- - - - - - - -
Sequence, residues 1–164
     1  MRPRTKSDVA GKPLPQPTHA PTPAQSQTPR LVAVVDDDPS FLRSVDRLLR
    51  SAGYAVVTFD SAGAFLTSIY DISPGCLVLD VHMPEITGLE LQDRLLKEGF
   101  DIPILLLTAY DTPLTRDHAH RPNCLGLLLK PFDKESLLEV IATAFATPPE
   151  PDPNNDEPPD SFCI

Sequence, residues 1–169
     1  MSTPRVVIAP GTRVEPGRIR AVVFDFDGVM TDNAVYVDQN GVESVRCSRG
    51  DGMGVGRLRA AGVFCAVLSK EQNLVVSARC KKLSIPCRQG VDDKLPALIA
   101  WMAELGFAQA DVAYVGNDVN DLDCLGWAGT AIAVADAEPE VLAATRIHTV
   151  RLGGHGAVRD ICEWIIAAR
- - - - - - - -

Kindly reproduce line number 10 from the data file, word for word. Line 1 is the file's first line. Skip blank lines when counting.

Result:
   151  RLGGHGAVRD ICEWIIAAR